New York City Mayor Bill de Blasio (C) gives his remarks to the crowd during the disability pride parade in New York. Picture: REUTERS/Eduardo Munoz
New York City Mayor Bill de Blasio (C) gives his remarks to the crowd during the disability pride parade in New York. Picture: REUTERS/Eduardo Munoz
Minal Rosenblum, of Montclair, N.J., holds a sign as she prepares to march in the inaugural Disability Pride Parade in New York. Picture: AP Photo/Seth Wenig
Minal Rosenblum, of Montclair, N.J., holds a sign as she prepares to march in the inaugural Disability Pride Parade in New York. Picture: AP Photo/Seth Wenig
Donald Lee, 38, suffering from bilateral amputee, marches while taking part in the disability pride parade in New York. Picture: REUTERS/Eduardo Munoz
Donald Lee, 38, suffering from bilateral amputee, marches while taking part in the disability pride parade in New York. Picture: REUTERS/Eduardo Munoz
Michelle Kraus (L), 45, suffering from dwarfism shouts slogans to support disabled people while she takes part in the disability pride parade in New York. Picture; REUTERS/Eduardo Munoz
Michelle Kraus (L), 45, suffering from dwarfism shouts slogans to support disabled people while she takes part in the disability pride parade in New York. Picture; REUTERS/Eduardo Munoz
Clara Bailon, 36, suffering from Larsen syndrome arrives to take part in the disability pride parade in New York. Picture: REUTERS/Eduardo Munoz
Clara Bailon, 36, suffering from Larsen syndrome arrives to take part in the disability pride parade in New York. Picture: REUTERS/Eduardo Munoz
Girls suffering from dwarfism take part in the disability pride parade in New York. Picture: REUTERS/Eduardo Munoz
Girls suffering from dwarfism take part in the disability pride parade in New York. Picture: REUTERS/Eduardo Munoz
Caitlin Pereiras, 20, suffering from left below elbow congenital amputee, checks her phone while she takes part in the disability pride parade in New York. Picture: REUTERS/Eduardo Munoz
Caitlin Pereiras, 20, suffering from left below elbow congenital amputee, checks her phone while she takes part in the disability pride parade in New York. Picture: REUTERS/Eduardo Munoz
Dan Santos (L), 22, suffering from Femoral Hypoplasia, and Sara Tabor, (C), 33, and Lary Minei, 41, both paraplegic take part in the disability pride parade in New York. Picture: REUTERS/Eduardo Munoz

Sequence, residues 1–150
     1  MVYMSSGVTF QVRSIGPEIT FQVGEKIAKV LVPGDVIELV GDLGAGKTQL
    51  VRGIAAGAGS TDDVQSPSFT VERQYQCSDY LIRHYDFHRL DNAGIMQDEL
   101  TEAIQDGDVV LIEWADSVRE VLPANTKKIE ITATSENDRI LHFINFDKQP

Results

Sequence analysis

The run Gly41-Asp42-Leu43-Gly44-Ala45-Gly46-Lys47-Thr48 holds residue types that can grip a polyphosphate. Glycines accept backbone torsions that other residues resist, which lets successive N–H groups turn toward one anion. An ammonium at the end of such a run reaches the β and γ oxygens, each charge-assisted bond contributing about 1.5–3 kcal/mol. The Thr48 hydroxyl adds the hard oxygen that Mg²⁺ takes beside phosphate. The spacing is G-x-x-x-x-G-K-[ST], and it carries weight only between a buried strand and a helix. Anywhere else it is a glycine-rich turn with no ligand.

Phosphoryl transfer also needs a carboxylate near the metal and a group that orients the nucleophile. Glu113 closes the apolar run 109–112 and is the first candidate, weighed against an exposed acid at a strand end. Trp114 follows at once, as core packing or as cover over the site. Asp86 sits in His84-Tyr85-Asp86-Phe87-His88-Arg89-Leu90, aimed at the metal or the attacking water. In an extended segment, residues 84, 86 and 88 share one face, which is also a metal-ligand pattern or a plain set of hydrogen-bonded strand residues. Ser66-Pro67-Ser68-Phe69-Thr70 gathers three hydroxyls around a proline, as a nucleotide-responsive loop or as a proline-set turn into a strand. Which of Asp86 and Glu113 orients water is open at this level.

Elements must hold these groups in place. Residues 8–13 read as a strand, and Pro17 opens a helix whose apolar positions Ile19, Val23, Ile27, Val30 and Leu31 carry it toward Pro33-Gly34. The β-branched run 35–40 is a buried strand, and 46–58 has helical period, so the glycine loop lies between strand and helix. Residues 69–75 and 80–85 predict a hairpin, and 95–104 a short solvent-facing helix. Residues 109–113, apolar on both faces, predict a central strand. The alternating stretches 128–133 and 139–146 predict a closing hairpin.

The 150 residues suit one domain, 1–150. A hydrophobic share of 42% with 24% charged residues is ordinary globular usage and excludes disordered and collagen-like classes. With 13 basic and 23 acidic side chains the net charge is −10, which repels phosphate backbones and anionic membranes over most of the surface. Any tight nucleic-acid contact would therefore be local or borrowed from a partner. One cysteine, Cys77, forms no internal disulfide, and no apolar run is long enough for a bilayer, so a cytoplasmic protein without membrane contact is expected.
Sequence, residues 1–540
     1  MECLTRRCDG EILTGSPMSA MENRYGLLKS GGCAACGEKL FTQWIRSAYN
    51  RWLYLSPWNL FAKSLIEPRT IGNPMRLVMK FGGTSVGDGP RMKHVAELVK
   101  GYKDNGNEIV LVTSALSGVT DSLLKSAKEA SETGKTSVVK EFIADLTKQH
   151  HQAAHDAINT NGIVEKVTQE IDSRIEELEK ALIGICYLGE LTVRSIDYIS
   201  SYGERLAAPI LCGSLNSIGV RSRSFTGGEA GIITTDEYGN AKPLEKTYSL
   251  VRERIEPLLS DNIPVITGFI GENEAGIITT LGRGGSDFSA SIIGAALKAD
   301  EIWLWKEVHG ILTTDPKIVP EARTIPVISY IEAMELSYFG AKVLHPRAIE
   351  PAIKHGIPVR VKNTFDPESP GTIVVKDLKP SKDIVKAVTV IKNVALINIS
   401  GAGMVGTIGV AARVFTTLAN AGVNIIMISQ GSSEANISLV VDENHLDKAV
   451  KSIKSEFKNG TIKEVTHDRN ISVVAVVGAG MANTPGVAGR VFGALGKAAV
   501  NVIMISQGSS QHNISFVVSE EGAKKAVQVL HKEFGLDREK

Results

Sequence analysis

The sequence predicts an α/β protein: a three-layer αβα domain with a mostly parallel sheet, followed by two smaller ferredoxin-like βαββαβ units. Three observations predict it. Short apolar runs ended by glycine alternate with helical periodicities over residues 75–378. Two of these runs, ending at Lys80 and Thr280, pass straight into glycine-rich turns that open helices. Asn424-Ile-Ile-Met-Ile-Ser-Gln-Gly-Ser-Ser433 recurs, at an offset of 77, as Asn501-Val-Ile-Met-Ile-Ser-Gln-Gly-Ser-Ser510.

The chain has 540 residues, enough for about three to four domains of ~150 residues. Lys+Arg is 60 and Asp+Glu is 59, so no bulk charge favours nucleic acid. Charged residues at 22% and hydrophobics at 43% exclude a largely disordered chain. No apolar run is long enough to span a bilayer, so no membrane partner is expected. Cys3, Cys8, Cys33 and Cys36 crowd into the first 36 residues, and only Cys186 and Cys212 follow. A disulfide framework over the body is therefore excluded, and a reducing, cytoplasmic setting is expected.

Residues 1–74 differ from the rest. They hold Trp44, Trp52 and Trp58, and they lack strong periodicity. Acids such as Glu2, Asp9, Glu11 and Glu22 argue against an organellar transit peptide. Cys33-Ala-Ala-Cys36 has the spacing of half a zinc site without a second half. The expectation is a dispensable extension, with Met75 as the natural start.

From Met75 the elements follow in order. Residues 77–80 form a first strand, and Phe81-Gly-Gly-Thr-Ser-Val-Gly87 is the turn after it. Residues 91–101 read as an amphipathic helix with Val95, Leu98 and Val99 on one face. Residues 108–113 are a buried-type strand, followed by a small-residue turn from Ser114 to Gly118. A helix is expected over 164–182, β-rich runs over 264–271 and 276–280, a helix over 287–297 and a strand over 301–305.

Dan Santos (L), 22, suffering from Femoral Hypoplasia, and Sara Tabor, (C), 33, and Lary Minei, 41, both paraplegic take part in the disability pride parade in New York. Picture: REUTERS/Eduardo Munoz
People on wheelchairs with different disabilities take part in the disability pride parade in New York. Picture: REUTERS/Eduardo Munoz
People on wheelchairs with different disabilities take part in the disability pride parade in New York. Picture: REUTERS/Eduardo Munoz

New York - Thousands of people marched through the streets of New York for the city's first Disability Pride Parade on Sunday.

People in wheelchairs and with guide dogs and parents carrying their disabled children marched during a hot day through the centre of Manhattan after Mayor Bill de Blasio kicked off the event.

The event, subtitled “Inclusion, Awareness, Visibility” saw people carrying signs asking for better access to public transport and housing.

“Disabled and proud,” said a sign carried by a woman in a wheelchair.

A man carried another sign reading: “Just because I can't speak doesn't mean I don't have a lot to say.”

Other signs demanded police stop killing disabled people, an issue recently in the spotlight in the country after police arrests ended in disabled peoples' deaths.

De Blasio said July was “disability pride month” in honour of the 25th anniversary of the Americans with Disabilities Act of 1990.

The march organised by the city is scheduled to be an annual event.

AFP